Immersed in the fifth season of Sunset Music and Arts concerts held at Incarnation Episcopal Church in the Sunset district of San Francisco, Mathew Chacko revels in the series’ good fortune. When Chacko along with co-director Sally Porter Munro launched the music program in 2014 with a powerful U.S. premiere of British composer Ian Venables’s music and a robust concert by the Rimsky-Korsakov String Quartet from St. Petersburg Russia, they knew they were making a splash.
But unknown — indeed, unpredictable for any new arts initiative — was the rippling impact the affordably-priced concerts and workshops might have on the community. Nor was it anticipated the series would attract an increasing number of high quality local, national, and international musicians eager to participate in the intimate concerts and casual, interactive workshops and presentations.
“The motivation for starting in the Sunset District was that there was not much cultural activity in the area,” says Chacko in a recent interview. In addition to directing the series, he is the church’s organist and music director. “We had a wonderful venue, grand piano, pipe organ, tremendous acoustics. We wanted to foster up-and-coming talent in addition to great professional musicians.”
A concert April 13 with San Francisco-based Ensemble Illume features contemporary composer Kaija Saariaho’s Je sens un deuxième coeur (I feel a second heartbeat) and Johannes Brahms’s Trio Op. 114 in A Minor. Ensemble Illume formed in 2018 with a mission to perform the work of living composers and thereby expand the repertory for the trio’s well-established musicians and unusual instrumental configuration of viola, cello, and piano.
Violist Jessica Chang is founder and director of Chamber Music by the Bay and performs frequently with ensembles in Northern California. Laura Gaynon, cellist, is an active performer and educator, with degrees from Yale University and the San Francisco Conservatory of Music. Pianist Allegra Chapman appears regularly with Bay Area and national chamber ensembles and string quartets. She is highly regarded for collaborations with living composers and support for young composers and musicians.
“This is the first time they will appear so I don’t know how much they’ll say about the works,” says Chacko, “but I encourage artists to talk to the audience. It enhances the performance.” Anecdotes about how they came to perform a work or, in one recent example, why the first three notes of an Amy Williams score caused a musician to “have to perform” the piece, add context. “Stories give audiences a connection, especially to a modern piece. They better understand the structure and sounds and how the artists come to know the piece,” says Chacko.
About the upcoming program, Chacko says championing 20th-century classical music like that of Saariaho provides particular pleasure. “Kaija brings a sense of lyricism and an orchestral sound,” Chacko says. “She gets to different moods in the five movements; she shows the emotional states a woman [with child] goes through. The nice thing is that it shows the progression. You go through the stages of a person.”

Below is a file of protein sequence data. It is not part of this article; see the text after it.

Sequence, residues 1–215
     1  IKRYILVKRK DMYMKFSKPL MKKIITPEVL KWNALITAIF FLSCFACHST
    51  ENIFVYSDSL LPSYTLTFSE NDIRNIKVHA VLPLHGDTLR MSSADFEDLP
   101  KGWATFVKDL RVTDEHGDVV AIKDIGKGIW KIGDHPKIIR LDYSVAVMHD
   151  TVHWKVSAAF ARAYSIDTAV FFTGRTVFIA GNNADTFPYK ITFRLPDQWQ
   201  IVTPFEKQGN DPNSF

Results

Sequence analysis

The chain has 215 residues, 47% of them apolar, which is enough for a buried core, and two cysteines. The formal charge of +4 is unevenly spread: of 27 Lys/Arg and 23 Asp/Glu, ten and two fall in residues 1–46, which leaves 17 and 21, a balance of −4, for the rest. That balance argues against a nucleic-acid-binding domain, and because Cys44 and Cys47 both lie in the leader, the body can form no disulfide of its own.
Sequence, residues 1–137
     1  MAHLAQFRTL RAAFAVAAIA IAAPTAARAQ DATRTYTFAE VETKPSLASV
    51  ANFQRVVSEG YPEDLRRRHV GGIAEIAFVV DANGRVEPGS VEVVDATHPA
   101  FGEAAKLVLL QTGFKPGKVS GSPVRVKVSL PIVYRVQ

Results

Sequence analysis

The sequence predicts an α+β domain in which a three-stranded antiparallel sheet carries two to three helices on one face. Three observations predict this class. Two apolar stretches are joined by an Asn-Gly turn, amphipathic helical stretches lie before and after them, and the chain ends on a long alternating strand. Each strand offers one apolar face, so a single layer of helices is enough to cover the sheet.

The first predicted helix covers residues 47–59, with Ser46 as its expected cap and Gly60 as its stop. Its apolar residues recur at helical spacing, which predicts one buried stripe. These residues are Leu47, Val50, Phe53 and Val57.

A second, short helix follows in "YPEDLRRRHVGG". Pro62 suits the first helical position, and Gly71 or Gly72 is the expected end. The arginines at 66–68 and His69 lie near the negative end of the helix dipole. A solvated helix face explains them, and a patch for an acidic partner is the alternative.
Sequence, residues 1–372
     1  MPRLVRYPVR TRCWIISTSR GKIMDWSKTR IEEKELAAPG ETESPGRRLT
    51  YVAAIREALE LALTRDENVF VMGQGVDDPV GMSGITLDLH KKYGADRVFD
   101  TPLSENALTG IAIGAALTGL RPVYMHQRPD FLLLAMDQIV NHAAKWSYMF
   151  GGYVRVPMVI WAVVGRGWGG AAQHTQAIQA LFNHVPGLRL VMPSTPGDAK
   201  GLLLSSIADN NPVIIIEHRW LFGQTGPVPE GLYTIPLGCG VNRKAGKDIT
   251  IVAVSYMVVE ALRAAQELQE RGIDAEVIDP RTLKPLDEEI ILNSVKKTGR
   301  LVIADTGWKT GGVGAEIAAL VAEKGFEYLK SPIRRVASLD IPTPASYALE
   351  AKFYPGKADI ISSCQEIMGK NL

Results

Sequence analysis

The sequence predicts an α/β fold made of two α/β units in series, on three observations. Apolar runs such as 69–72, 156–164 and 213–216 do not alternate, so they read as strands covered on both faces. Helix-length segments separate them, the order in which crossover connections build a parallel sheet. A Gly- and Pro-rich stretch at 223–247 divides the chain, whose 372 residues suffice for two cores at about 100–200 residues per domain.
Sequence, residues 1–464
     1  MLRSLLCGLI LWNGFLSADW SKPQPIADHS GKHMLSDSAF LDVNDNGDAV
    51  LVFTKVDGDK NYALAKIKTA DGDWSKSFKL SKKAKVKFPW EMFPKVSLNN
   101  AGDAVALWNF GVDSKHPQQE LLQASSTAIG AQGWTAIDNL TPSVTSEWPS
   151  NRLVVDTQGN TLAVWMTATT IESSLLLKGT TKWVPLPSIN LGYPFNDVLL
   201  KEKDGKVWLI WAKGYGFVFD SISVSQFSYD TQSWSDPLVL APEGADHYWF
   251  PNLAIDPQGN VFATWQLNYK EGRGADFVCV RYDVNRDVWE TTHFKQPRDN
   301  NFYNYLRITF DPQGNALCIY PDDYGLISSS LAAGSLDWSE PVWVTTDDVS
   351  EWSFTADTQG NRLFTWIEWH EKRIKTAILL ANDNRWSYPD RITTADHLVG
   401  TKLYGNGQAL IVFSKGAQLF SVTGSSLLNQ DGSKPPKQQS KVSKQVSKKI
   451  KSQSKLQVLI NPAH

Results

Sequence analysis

Audiences at the concerts tend to be middle age to older, with racial diversity at 60 percent white, 40 percent other races. Holiday concerts draw more families and young people. “There are more women than men, which is one reason we’d like to expand to more world and jazz music,” he says. “We’d like to see a wider crossover of race by bringing wider genres of music.”
To that end, the series has added jazz performances, live opera, and Shakespeare presentations to its classical concerts in the last few years. A series called East Meets West combined classical European and classical Indian music. “Next year we will celebrate Beethoven’s 250th anniversary,” says Chacko. “We’ll focus on his lesser known works: San Francisco Renaissance Voices is working to bring Beethoven’s oratorio, Christ on the Mount of Olives. We will have that, along with chamber works done by instrumental trios and (other ensembles).”
A partnership with Sylvia Anderson at the S.F. Conservatory of Music brings recital performances in which young musicians in her workshops perform. “[For] these type of concerts, we don’t charge for tickets,” says Chacko. “It gives up-and-coming artists opportunity; it introduces new music and art forms to new audiences. By not charging admission, it gives people who may not have the means [for tickets to an event at a large concert hall] to experience music in an intimate setting.”
On the wish list for the 2020 season is additional financial support to bolster the “shoestring budget and pay artists more generously,” Chacko says. More importantly, the all-volunteer team behind the series looks for awareness. Getting the word out about “the amazing established artist and the young talent appearing at the venue” he says is imperative. “We’re a part of the church’s community service; we’ve built a reputation. I’d love more support and people from the community at the concerts.”